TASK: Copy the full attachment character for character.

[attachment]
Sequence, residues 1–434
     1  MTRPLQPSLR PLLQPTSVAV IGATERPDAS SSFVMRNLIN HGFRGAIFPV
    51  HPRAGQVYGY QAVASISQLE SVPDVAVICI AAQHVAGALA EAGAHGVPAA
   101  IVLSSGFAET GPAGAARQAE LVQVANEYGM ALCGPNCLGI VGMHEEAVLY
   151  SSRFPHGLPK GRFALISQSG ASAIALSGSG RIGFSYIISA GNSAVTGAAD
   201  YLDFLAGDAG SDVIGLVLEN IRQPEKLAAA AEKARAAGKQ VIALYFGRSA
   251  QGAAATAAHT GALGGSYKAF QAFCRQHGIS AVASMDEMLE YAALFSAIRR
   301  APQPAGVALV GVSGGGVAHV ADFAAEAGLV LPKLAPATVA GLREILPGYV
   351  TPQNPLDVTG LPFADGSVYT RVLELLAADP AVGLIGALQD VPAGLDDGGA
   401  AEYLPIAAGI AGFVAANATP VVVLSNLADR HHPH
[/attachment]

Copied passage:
Sequence, residues 1–434
     1  MTRPLQPSLR PLLQPTSVAV IGATERPDAS SSFVMRNLIN HGFRGAIFPV
    51  HPRAGQVYGY QAVASISQLE SVPDVAVICI AAQHVAGALA EAGAHGVPAA
   101  IVLSSGFAET GPAGAARQAE LVQVANEYGM ALCGPNCLGI VGMHEEAVLY
   151  SSRFPHGLPK GRFALISQSG ASAIALSGSG RIGFSYIISA GNSAVTGAAD
   201  YLDFLAGDAG SDVIGLVLEN IRQPEKLAAA AEKARAAGKQ VIALYFGRSA
   251  QGAAATAAHT GALGGSYKAF QAFCRQHGIS AVASMDEMLE YAALFSAIRR
   301  APQPAGVALV GVSGGGVAHV ADFAAEAGLV LPKLAPATVA GLREILPGYV
   351  TPQNPLDVTG LPFADGSVYT RVLELLAADP AVGLIGALQD VPAGLDDGGA
   401  AEYLPIAAGI AGFVAANATP VVVLSNLADR HHPH